Even by terror’s gory standards, the bomb attack in Peshawar city that killed 105 people was of an order of savagery that surpassed anything Pakistan had seen before. It targeted the most vulnerable among civilians — women and children — and capped a month-long orgy of violence unleashed by extremist militants across the country. The timing of the attack with the arrival in Pakistan of U.S. Secretary of State Hillary Clinton might have been a coincidence. Even so, it was a horrific demonstration of the challenges to the U.S.-Pakistan partnership in the “war on terror.” The terror attacks are clearly aimed at sapping the nation’s morale as its army, under pressure from the U.S., battles the Taliban in its South Waziristan stronghold. The thinking seems to be that a terrorised nation will lose the stomach for military operations against the militants — but the attacks are having the opposite effect. Pakistanis are asking what kind of beasts are these who deliberately set out to target young students, women, and children. The suicide bombings at the International Islamic University earlier this month was an indication that the militants would stop at nothing. The realisation that the national mood has hardened against the militants and that Pakistanis own the war against the Taliban more than before will strengthen the army in its ongoing operation in South Waziristan. But if the idea is to root out terrorism and extremism, the time for selective operations is long past. The security establishment needs to stop making distinctions between militant groups that have turned against the Pakistani state and those that can still be viewed as ‘assets’ against India. Some of the recent attacks have shown that al-Qaeda, the Taliban, and the so-called jihadi groups are acting in concert.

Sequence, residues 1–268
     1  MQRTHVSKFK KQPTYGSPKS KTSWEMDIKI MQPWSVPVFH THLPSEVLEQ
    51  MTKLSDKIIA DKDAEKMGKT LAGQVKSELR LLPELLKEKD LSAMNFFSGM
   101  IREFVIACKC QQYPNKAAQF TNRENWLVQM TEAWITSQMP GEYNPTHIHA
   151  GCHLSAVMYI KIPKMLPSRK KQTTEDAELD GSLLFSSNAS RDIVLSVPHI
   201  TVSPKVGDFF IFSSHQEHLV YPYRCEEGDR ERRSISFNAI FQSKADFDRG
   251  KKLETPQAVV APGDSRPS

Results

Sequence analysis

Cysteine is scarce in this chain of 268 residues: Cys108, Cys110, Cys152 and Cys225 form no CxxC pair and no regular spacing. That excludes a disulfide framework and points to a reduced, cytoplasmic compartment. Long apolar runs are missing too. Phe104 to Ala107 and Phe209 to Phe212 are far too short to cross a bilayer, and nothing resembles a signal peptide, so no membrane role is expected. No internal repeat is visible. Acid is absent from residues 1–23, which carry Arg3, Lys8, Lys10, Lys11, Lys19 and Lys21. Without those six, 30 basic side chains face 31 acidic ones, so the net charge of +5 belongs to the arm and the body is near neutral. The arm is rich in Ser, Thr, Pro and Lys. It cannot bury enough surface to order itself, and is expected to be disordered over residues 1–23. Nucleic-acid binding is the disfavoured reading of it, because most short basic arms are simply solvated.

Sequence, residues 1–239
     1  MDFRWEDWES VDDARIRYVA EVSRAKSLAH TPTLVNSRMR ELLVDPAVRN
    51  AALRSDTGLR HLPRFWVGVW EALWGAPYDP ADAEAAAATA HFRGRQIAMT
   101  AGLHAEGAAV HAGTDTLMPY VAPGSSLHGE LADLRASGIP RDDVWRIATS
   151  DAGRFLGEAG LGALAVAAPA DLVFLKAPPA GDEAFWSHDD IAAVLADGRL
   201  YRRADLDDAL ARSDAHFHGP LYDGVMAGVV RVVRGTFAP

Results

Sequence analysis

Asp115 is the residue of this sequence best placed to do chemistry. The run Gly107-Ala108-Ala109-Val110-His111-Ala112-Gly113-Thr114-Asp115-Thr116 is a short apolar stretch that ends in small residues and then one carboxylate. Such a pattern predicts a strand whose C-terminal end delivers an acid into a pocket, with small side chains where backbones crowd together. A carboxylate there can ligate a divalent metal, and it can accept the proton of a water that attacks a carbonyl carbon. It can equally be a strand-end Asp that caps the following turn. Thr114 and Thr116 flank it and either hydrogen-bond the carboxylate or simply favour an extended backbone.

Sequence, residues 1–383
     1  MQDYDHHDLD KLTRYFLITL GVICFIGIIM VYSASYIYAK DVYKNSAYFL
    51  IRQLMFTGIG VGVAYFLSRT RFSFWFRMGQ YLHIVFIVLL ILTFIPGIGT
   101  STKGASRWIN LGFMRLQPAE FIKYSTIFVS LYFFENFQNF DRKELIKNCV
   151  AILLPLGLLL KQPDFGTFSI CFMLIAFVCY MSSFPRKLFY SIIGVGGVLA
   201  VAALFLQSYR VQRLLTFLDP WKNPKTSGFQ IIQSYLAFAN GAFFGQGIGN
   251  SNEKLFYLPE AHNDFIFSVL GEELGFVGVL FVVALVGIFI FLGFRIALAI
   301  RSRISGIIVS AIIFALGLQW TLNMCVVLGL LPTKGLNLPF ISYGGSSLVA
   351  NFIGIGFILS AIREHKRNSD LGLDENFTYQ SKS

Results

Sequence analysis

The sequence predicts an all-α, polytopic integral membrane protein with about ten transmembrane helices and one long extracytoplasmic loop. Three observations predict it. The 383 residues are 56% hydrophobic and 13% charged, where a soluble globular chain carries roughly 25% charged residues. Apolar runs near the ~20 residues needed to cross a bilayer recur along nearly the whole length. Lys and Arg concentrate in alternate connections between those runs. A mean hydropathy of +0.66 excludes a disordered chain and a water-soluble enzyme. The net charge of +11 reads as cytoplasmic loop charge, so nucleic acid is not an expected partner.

It is unfortunate that instead of articulating this huge internal threat and educating the nation about it, a senior Pakistani government functionary has chosen to hurl the senseless accusation that India is funding the Taliban. The same Taliban were described less than a year ago as ‘patriots’ willing to fight shoulder-to-shoulder with the Pakistani armed forces against India. Making anti-India statements is one sure way for officials under pressure to earn political brownie points. But each such statement makes it more difficult to retrace the path to better relations. At this difficult time, Islamabad can clearly do without ratcheting up tensions with India. Equally, New Delhi must stop poking Pakistan in the eye with gratuitous comments after every other terrorist attack in that country.

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